Chapter 22,23 The Great Depression and The New Deal

Chapter 22,23 Review Have Fun
Stock Market
an exchange where security trading is conducted by professional stockbrokers
bull market
period of increased stock trading and rising stock prices
shanty town
an area on the edge of a town where poor people live in very simply built houses
person who wanders about and lives by begging or doing odd jobs
shanty-towns that housed many who had lost everything. Shelters were built of old boxes and other discards. Named after Pres. Hoover
public works
projects such as highways, parks, and libraries sponsored by the government
Walt Disney
Film maker, cartoonist, visionary. He developed many famous characters as well as amusement theme parks.
Soap Operas
Popular radio and show dramas
John Steinbeck
United States writer noted for his novels about agricultural workers (1902-1968)
Dust Bowl
A drought in the 1930s that turned the Great Planes very dry.
Great Depression
a severe, world wide economic crisis which lasted from the end of 1929 to the outbreak of World War II.
Eleanor Roosevelt
Symbol of hope, immediate help. 'save America, do your part', BIG support for women and girls
risky buying and selling of stocks in the hope of making a quick profit
installment plan
buying an item on credit with a monthly plan to pay off the value of the good
Bonus Marchers
vets who wanted a "bonus" in their pay from the government, were not successful, attacked by MacArthur
An officer of court having custody of prisoners under arraignment.
Herbert Hoover
31st President of the United States, Republican candidate who assumed the presidency in March 1929 promising the American people prosperity and attempted to first deal with the Depression by trying to restore public faith in the community.
black market
Market in which goods are sold illegally
Black Tuesday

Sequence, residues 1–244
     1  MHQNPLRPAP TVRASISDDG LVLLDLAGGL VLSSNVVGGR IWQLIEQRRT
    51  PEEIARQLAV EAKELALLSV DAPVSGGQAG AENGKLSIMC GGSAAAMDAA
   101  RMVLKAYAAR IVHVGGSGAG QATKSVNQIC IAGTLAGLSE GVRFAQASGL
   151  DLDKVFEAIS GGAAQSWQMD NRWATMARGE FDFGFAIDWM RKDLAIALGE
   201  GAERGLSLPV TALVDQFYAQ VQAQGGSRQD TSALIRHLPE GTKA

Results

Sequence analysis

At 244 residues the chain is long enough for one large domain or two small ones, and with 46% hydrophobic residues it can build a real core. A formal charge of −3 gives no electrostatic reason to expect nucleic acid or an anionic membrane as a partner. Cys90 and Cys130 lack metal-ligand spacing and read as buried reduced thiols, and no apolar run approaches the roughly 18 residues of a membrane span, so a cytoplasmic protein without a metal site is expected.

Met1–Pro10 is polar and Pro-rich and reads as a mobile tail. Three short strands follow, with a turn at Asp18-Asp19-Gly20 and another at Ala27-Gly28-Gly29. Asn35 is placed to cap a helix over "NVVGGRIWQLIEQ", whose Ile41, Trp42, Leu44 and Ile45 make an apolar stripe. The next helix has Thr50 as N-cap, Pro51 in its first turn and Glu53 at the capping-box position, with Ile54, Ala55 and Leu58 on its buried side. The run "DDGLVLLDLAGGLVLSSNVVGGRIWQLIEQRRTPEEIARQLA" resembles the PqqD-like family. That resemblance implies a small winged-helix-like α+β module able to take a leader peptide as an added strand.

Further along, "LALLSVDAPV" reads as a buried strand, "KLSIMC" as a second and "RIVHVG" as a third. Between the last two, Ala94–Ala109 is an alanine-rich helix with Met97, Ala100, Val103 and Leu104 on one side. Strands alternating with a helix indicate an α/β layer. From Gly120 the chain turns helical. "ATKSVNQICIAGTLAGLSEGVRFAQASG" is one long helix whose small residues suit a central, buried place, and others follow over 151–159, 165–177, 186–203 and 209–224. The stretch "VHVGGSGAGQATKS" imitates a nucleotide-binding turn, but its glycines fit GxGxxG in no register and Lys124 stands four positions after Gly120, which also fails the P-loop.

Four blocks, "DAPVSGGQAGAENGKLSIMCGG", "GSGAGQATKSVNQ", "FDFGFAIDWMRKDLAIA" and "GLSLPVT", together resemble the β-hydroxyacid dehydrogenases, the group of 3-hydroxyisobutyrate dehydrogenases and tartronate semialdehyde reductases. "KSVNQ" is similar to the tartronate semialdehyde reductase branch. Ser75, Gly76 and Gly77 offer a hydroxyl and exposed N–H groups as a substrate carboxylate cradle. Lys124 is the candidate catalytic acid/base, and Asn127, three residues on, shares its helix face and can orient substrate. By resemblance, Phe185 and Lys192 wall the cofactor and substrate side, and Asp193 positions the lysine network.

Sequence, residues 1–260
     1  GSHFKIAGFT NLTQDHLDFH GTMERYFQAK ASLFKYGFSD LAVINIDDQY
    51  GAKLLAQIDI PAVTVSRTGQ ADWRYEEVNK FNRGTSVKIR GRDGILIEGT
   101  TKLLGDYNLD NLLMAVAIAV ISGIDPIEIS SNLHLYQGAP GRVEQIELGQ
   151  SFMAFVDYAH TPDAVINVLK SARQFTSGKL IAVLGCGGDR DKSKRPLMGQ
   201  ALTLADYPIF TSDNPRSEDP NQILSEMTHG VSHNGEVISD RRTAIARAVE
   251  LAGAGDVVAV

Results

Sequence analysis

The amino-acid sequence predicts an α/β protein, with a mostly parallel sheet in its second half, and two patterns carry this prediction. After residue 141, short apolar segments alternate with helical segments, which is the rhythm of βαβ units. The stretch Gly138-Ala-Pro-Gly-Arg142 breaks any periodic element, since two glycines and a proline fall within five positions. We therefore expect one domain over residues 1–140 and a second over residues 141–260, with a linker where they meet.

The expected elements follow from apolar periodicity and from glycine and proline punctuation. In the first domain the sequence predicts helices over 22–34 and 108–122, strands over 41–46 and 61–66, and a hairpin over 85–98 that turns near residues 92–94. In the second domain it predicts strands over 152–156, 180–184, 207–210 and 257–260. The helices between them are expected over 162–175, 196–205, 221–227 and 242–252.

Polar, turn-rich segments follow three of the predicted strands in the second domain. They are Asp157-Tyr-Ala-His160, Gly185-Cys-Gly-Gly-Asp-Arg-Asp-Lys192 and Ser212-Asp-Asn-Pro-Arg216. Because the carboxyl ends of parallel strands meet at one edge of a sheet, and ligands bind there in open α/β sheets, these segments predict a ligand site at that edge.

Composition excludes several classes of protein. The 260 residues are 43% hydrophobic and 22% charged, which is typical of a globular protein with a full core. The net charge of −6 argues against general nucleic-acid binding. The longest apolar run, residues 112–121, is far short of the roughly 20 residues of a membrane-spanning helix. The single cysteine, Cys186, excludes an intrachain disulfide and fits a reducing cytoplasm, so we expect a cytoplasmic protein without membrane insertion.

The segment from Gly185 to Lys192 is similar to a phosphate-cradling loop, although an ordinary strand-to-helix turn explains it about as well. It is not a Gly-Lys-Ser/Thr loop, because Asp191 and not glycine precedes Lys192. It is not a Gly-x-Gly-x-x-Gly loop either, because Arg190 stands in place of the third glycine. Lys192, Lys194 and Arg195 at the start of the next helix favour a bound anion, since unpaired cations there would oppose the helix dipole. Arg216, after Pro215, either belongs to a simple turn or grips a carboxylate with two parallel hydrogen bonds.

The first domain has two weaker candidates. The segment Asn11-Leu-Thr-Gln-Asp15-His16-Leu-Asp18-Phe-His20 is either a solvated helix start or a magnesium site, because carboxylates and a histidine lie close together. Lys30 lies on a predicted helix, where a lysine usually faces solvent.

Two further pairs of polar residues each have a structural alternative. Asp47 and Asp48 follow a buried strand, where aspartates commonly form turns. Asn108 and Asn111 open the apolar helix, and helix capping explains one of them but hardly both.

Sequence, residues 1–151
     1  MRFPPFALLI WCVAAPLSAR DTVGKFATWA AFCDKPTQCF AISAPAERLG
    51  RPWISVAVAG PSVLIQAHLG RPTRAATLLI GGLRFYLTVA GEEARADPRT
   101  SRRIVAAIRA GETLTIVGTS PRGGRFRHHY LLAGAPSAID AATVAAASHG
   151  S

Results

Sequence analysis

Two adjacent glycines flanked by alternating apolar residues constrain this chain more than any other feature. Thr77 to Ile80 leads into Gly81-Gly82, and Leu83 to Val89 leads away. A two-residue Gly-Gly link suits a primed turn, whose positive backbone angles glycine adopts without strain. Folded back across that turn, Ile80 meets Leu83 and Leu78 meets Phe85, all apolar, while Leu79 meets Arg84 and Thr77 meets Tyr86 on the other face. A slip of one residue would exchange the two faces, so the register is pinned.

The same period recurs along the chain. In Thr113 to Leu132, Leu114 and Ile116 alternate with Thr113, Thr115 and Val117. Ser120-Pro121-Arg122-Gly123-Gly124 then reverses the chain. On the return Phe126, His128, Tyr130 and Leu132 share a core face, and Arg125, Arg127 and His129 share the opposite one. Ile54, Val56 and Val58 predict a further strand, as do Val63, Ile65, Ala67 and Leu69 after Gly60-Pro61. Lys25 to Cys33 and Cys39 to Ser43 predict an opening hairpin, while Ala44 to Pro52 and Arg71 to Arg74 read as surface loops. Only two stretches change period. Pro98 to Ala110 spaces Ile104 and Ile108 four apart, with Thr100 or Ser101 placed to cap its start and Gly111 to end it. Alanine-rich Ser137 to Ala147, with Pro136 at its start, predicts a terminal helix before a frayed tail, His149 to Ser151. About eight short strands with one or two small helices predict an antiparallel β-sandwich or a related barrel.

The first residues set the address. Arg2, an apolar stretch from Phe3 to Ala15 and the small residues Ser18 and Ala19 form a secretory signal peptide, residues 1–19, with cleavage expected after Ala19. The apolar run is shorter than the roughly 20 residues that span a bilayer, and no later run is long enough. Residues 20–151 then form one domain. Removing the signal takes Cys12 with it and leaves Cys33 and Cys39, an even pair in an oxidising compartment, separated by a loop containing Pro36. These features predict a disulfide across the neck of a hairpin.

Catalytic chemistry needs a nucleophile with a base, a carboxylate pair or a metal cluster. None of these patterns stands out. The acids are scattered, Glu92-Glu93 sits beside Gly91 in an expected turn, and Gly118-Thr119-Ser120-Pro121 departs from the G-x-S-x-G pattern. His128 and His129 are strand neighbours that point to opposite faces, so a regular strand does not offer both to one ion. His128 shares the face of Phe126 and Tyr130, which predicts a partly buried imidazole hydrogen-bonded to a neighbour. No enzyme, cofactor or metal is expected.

October 29, 1929; the day the stock market crashed. Lead to the Panic of 1929
New Deal
The name of President Roosevelt's program for getting the United States out of the depression
gold standard
A monetary system in which currencies are defined in terms of a given weight of gold
Hundred Days
a special session of Congress that dealt with problems of the Depression
Fireside Chats
informal talks given by FDR over the radio; sat by White House fireplace; gained the confidence of the people
sit-down strike
work stoppage in which workers refuse to leave a factory
Social Security Act
created a tax on workers and employers. That money provided monthly pensions for retired people.
32nd President of the United States, Roosevelt, the President of the United States during the Depression and WWII. He instituted the New Deal. Served from 1933 to 1945, he was the only president in U.S. history to be elected to four terms
deficit spending
When a government spends more than it takes in and goes into debt.
Shirley Temple
became the most popular film star during the Great Depression; made 27 movies during the 1930s
National Labor Relations Act. Legalized labor unions, guaranteed right to join union and "good faith" bargaining.
an acute viral disease marked by inflammation of nerve cells of the brain stem and spinal cord
Securities and Exchange Commission
The federal agency created during the New Deal that regulates stock fraud
Agricultural Adjustment Administration: attempted to regulate agricultural production through farm subsidies; ruled unconstitutional in 1936; disbanded after World War II
safety net
government programs that protect people experiencing unfavorable economic conditions
Empire State Building
An office building in New York City, over one thousand feet high. Opened in the 1930s, it was for many years the tallest skyscraper in the world.
bank holidays
Created to stop bank runs and prevent further banks from going out of business
Federal Deposit Insurance Corporation: federal guarantee of savings bank deposits (initially up to $2,500; raised to $5,000 in 1934; now $100,000)
National Recovery Administration: established and administered a system of industrial codes to control production, prices, labor relations, and trade practices
Alphabet Agencies
Government agencies that came to be known by the first initials of their names.
John Dillinger
bank robber and mobster who was caught by Hoover, the capture of which catapulted Hoover into national prominence in the "Dillinger Case"
Pappy O'Daniel
was a conservative Democratic Party politician from Texas, who came to prominence by hosting a popular radio program.
Grapes of Wrath
Book about a family of migrant workers working during the Great Depression in the Dust Bowl
Huey Long
Governor of Louisiana, "Share the Wealth" wants to give $5k to all families
Charles Coughlin
A radio priest who was anti-Semetic and anti-New Deal. He catered away some support from FDR.